(For a great set of pages on slide-outs, see the RV Slide Out How to Page on RV52.com)
RV52.com got a great question about RV slide out and RV slide out maintenance. I could NEVER articulate the question as well as the reader, so here is the original text (name removed of course):
I have a 34 foot 5th wheel Arctic Fox, 2003, and have been living in it full time for one month and love it.
1. I was wondering if the super slide out is supposed to be level. When it is out, which is all the time, it is obviously hanging down around 3 to 5 inches from level. While sitting at the kitchen table, one can easily see and feel the lean outwards. It was originally in PA, and the underneath is very, very rusty; but it slides in and out with no problem. The bedroom slide doesn’t lean down; however, it does have a slight, very slight angle down which is good I guess owing that the awnings are missing. Both awnings for the slide outs are gone. The aluminum rods and everything else is there but the cloth material. I can see where the cloth material was there but only strings are left.
2. I was wondering where the best and least expensive place is to get that stuff. I know that the RV place I shop at think I’m rich just because I mention RV.
Thanks for your help.
Here is what Fitty says on the subject (ok me, but I like using the pseudonym Fitty). I've also sent a request to Arctic Fox, which I'll update here, if, when I received it.
I'm not surprised that a slide out would sag. It seems that most are extended on rails and staying level would depend on the rails not flexing. It would also depend on the structure to which the rails are fastened would not sag as well.
Furthermore, I think slide-outs all rely somewhat on a true full extension causing the TOP of the slide to mechanically touch and provide a small extra push at the bottom that removes some of the weight bearing from the rails and transfer some of that force to the entire slide out frame.. I'm sure my terminology is incorrect, but I think my engineering here is solid.
What I'm trying to say is that between the eventual flex of the materials AND the chance that the slide out might not be fully extended it is completely believable that it would sag. To lack the full extension to reduce your sag, the shortfall of slide extension might be as small as 1-2 inches of extension.
The second thing you mentioned is that the floor is rusting. I think the slide out is a metal box with a wooden floor, but the important supporting bits are probably metal. That does encourage my thinking that the metal has fatigued and allows the slide out to sag.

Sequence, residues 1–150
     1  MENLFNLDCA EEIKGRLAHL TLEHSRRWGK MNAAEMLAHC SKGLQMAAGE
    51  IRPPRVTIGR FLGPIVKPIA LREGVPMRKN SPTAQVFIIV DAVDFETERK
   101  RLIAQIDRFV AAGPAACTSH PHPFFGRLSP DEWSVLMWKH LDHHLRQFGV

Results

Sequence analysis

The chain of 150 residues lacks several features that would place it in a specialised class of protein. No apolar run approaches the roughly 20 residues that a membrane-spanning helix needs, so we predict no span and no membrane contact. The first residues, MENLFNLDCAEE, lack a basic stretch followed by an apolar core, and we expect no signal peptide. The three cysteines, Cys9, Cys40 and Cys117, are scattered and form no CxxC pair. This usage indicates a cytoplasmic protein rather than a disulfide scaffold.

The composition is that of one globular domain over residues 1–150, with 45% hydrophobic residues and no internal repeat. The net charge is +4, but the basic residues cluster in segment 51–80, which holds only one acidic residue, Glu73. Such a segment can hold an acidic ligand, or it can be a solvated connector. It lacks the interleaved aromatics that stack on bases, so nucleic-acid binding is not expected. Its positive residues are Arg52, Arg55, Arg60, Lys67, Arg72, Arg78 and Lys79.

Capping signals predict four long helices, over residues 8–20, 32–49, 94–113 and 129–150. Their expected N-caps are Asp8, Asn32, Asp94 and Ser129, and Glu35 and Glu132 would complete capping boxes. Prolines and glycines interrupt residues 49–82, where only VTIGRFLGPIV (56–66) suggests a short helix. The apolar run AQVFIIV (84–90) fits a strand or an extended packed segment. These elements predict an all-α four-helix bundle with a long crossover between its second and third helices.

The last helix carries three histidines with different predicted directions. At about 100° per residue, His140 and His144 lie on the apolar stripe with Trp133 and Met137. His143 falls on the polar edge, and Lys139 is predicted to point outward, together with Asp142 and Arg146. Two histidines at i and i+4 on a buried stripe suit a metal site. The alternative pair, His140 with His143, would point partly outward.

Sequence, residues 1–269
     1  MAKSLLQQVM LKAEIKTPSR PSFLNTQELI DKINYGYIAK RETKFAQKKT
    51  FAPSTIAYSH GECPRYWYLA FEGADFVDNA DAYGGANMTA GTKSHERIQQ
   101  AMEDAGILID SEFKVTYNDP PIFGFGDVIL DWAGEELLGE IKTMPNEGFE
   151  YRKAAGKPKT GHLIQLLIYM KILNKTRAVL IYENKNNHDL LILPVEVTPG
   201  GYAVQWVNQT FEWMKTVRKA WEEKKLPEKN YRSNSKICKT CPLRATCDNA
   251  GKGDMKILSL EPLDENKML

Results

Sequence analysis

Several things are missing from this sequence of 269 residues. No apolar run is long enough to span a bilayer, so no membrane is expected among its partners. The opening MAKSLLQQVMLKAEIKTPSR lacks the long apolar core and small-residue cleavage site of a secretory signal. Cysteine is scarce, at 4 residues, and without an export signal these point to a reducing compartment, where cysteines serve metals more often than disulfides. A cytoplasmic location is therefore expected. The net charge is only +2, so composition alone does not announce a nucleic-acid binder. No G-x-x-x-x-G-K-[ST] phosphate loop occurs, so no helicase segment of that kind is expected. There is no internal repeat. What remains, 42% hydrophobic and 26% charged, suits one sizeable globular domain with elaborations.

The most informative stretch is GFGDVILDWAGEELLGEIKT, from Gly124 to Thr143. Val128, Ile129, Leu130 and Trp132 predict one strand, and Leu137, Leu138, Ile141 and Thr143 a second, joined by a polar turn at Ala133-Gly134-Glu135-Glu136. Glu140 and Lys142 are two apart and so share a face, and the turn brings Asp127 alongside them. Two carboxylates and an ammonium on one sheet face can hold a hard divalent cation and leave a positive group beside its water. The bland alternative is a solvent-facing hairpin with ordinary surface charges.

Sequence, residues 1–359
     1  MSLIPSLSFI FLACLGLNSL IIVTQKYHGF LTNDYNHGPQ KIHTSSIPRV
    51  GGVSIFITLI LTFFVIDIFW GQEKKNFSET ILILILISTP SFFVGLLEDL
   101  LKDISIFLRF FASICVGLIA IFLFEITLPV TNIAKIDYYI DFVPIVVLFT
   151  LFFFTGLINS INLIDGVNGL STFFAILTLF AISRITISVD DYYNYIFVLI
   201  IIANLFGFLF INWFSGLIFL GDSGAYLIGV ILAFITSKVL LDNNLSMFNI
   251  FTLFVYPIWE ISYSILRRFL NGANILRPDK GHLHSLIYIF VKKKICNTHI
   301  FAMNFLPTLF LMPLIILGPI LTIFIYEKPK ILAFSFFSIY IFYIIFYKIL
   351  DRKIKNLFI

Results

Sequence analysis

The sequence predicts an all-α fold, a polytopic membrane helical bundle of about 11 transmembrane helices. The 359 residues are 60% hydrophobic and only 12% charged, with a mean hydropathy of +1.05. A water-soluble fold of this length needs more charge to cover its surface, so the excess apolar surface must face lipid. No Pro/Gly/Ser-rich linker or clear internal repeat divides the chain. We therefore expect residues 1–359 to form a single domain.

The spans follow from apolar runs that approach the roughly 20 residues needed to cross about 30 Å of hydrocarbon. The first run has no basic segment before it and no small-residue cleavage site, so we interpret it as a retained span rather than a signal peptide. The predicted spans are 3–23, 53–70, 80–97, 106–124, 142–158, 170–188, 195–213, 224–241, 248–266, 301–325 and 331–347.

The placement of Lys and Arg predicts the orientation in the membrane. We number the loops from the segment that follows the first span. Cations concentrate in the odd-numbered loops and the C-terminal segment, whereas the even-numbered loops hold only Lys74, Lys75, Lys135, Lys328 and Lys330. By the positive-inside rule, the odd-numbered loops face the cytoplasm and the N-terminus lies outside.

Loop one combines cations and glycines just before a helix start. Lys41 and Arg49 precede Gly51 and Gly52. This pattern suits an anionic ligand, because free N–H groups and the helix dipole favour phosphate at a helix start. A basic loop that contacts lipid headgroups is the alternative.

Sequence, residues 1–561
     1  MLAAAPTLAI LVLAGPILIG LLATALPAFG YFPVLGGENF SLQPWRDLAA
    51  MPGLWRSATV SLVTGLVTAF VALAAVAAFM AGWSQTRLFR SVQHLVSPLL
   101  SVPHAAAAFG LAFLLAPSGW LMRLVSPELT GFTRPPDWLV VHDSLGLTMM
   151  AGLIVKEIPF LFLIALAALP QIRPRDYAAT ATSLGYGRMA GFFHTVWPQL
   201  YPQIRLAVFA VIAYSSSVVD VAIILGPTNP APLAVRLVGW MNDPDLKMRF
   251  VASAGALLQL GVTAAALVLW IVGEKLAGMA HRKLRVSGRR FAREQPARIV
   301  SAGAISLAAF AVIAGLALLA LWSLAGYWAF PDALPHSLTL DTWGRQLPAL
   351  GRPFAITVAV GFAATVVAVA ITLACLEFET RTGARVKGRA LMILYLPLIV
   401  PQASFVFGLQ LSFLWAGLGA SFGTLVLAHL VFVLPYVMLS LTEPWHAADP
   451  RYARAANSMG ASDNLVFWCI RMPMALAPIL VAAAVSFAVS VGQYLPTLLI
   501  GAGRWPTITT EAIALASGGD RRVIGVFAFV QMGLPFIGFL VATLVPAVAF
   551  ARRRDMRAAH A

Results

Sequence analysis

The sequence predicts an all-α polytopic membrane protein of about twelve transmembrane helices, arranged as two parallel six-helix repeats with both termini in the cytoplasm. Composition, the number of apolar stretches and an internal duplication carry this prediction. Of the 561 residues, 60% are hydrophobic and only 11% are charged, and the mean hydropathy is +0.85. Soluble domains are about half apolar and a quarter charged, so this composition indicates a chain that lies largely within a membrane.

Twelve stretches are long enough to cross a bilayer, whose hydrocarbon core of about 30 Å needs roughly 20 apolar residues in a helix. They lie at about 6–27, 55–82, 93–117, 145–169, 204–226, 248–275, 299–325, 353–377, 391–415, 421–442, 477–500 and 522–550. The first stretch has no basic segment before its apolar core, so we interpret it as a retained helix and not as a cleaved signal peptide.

My guess is that repairing the WOOD bits of the floor is pretty easy – just pull everything out, and replace some plywood into the metal box. Seal it up well of course – but it would be very straightforward. For the metal box that makes the slide out, that sounds more difficult.
There are numerous slide out supports on Amazon, so I think you could find something there that would take the sag out AND take out any bounce. I think you'd be happy with these. I don't personally use a support, but sure one is in my future. Would love to hear about how it goes if you get one.
For slide out awnings, many RVs do not have these. The slide outs are designed to shed water without the awnings. I don't think you should panic about them. However, I have noticed that the slide out awnings can look very nice. I'm thinking the Florida sun will run through them like a hot knife though butter – probably messing with them every 3-4 years.
For low cost repairs, I would pay close attention to ebay and Amazon. Both are amazing and have most of what you want. If you use MY links, it does give me a little “spiff”, but not enough for me to retire just yet. I'll list some links to get you started.
Also, the “roaming” RV repair guys can be pretty economical compared to a dealer. They want to be paid by the hour, but don't have RV dealer real estate to pay for either. They'll want a “showing up fee” even if they don't do much, so make sure you inform them about what you need to make sure that when they come out, they will really do a repair and that will wash out the “showing up fee”.
- How To Page for Awnings for Slide out: These cost a little money and this one may be expensive, but by using Amazon and shopping around I think you'll be a very educated buyer.